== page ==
Race Weekend Central

NASCAR 101: Kasey Kahne’s Most Impressive NASCAR Stat

Kasey Kahne may have driven in his final NASCAR race. As with many of these statistics, the key word here is may. At the end of 2018, the 38-year-old is retiring from a decade-and-a-half-long career in NASCAR’s national series in order to compete on the sprint car level, and generally enjoy not having to run a stock car for 36 weeks out of the year.

Specifically, he’s done with full-time competition, much like Elliott Sadler before him. That in turn doesn’t rule out the possibility of a one-off race here and there. And as we’ve seen with Bill Elliott this year, multiple seasons away from NASCAR racing don’t necessarily mean much at all.

But for now, following the announcement that he had not been medically cleared to finish out the 2018 season in Leavine Family Racing’s No. 95 in the Monster Energy NASCAR Cup Series, Kahne’s career statistics are frozen. Barring him deciding to return to the NASCAR ranks (and even having medical clearance to do so, given that the longer race lengths for Cup driving was part of the reason why he couldn’t return this year), Kahne’s 529 starts since the beginning of 2004 will remain 529.

When Kahne originally announced his retirement in August, there was some chatter about whether or not he was in any way Hall of Fame-worthy. That discussion ramped up this week, now that it’s possible his career in NASCAR is over for good. Some will nod their heads in either fervent or modest agreement. Others will wonder what the hell the person who thought up the possibility of even being nominated is smoking.

Let’s check it out by the numbers, though. And luckily, there are a lot of them. Amid his 500-plus Cup starts, all of which were run consecutively, he’s got a modest amount of XFINITY Series and Camping World Truck Series races under his belt as well.

Such as:

Overall national series starts: 750
Overall wins: 32
Overall top fives: 145
Overall top 10s: 269

Broken down into individual series:

Cup starts: 529
Wins: 18
Top fives: 93
Top 10s: 176

XFINITY starts: 215
Wins: 8
Top fives: 46
Top 10s: 87

Truck starts: 6
Wins: 5
Top fives: 6
Top 10s: 6

Among Cup wins, he’s tied for 47th all-time. That alone seems to discredit him among potential future Hall-of-Famers. That’s not to say it won’t happen, just that it appears unlikely on the surface. There would have to be another argument other than mere Cup wins to qualify him, and his XFINITY and Truck series victories aren’t much to sneeze at volume-wise either.

But his Truck Series career is kind of interesting. Read that again: six starts, five wins, six top fives, six top 10s.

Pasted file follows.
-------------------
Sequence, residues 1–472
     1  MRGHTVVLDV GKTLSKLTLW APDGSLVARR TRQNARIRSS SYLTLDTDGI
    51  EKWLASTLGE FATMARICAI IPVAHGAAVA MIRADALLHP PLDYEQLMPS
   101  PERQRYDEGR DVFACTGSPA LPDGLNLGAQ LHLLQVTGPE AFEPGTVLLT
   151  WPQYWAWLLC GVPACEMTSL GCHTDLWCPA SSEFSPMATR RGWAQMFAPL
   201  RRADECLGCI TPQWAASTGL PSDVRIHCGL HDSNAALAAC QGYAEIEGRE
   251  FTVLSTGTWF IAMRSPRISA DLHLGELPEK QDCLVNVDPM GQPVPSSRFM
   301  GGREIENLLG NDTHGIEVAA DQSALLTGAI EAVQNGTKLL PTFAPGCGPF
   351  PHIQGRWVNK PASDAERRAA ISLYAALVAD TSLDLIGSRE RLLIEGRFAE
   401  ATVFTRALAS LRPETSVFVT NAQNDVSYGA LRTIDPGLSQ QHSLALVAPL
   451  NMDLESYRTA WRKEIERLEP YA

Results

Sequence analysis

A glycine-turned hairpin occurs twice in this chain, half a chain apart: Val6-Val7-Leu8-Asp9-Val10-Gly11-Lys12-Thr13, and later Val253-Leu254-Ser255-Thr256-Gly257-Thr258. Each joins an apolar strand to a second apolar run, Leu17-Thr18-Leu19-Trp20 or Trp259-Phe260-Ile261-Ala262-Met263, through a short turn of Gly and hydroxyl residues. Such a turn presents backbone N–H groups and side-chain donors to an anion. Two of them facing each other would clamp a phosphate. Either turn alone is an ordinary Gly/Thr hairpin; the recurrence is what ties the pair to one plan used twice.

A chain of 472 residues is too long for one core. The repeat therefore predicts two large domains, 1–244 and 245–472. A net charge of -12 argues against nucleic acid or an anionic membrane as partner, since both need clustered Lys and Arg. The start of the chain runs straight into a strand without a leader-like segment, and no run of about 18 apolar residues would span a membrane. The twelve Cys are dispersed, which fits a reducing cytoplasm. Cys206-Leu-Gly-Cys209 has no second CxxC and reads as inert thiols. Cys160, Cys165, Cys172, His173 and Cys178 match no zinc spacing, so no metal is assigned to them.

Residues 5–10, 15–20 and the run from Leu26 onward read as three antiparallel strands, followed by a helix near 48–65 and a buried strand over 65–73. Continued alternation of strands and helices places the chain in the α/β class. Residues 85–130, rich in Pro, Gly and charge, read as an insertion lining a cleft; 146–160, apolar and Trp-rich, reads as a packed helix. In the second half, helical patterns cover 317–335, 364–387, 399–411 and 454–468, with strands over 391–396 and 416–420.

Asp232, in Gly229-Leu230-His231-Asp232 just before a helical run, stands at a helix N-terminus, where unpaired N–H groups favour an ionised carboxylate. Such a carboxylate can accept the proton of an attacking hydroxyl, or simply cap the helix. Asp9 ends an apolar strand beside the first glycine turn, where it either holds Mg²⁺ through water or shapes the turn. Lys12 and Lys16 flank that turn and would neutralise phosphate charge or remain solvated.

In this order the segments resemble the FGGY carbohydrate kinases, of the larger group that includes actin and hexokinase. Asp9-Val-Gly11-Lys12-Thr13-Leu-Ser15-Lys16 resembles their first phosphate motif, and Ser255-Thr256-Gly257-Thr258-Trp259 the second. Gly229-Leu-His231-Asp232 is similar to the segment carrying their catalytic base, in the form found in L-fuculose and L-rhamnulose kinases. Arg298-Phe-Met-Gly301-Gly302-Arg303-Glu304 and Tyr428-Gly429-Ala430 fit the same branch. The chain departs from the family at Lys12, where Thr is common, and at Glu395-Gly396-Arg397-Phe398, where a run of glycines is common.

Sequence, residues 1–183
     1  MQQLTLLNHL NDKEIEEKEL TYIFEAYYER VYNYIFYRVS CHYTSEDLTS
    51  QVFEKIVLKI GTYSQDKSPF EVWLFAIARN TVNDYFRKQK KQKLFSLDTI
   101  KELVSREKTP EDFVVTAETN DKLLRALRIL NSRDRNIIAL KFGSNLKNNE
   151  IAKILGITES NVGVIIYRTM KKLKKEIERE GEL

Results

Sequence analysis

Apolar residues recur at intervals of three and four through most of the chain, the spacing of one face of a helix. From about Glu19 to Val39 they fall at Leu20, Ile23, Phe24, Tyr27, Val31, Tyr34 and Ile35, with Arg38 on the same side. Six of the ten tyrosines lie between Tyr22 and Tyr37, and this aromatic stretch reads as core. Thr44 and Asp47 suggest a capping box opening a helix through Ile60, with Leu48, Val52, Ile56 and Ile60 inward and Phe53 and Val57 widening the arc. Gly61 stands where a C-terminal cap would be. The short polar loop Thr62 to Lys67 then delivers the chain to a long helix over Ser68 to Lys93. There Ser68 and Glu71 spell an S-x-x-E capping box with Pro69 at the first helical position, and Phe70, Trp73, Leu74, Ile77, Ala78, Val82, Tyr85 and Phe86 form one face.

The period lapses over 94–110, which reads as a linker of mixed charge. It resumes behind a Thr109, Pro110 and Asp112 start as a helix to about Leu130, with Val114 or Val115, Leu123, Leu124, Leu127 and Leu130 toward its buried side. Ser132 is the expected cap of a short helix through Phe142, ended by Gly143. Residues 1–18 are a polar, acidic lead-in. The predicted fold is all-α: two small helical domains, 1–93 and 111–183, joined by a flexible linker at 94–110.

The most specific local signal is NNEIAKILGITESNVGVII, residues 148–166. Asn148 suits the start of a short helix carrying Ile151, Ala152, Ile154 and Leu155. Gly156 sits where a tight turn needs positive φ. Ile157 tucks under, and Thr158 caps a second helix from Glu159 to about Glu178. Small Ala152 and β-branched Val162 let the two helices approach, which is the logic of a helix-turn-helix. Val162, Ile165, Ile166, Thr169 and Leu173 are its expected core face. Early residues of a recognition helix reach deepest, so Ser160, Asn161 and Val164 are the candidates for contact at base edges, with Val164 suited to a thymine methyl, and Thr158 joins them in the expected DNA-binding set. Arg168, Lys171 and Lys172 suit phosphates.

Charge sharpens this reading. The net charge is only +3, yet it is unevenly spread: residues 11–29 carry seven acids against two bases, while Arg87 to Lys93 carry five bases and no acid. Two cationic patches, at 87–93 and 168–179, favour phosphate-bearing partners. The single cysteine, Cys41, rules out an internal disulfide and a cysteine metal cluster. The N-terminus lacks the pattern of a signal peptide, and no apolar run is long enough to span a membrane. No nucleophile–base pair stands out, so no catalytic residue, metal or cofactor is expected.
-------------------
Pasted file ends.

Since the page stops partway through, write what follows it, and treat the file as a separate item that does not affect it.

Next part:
In a six-race career that stretched from 2004 to 2015, Kahne only lost a Truck Series race he entered once. That came in 2010, his first race in a truck in six years, when he finished second at Pocono Raceway.

Don’t bother looking up a better winning percentage in the Truck Series. It doesn’t exist.

That’s crazy when you think about it. In 2004, Kahne was a Cup rookie, just 24 years old, and he still came out and won both the races in which he competed. Six years later, having not been in a truck for that long, he still managed to finish second. And all three races from then on, he found himself in Victory Lane again and again and again.

Granted, he was a Cup veteran by this point, perhaps expected to win. But stepping into a truck with some unfamiliarity isn’t a sure bet. And some of those wins even came against fellow Cup drivers like Brad Keselowski.

And that’s a sure way to at least immortality on a statistical front. Maybe Kahne won’t be a first-ballot Hall-of-Famer, or second, or even third. Maybe he won’t get in at all. But until someone else comes along and rattles off the kind of Truck Series career he had, he’ll always be an interesting mark in the record books.

About the author

Rutherford is the managing editor of Frontstretch, a position he gained in 2015 after serving on the editing staff for two years. At his day job, he's a journalist covering music and rock charts at Billboard. He lives in New York City, but his heart is in Ohio -- you know, like that Hawthorne Heights song.

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Top 10s include top 5s.


No Way HOF lets be serious.


Kevin Rutherford,
Can the media and everyone else please figure out that top 10 numbers include top 5’s and stop being redundant in the usage of the statistic. should go similar to this 8 wins, 40 other top 5’s, and 120 other top ten’s for a total of 168 top 10’s out of 593 career starts. made up numbers by the way for example purposes.

As for NASCAR HoF I am with the what are people smoking crowd of why he would even be considered for nomination much less being voted for.
Now maybe the Motorsport Hall of Fame where the entire career in racing can be assessed would make more sense to at least be in a conversation for consideration..

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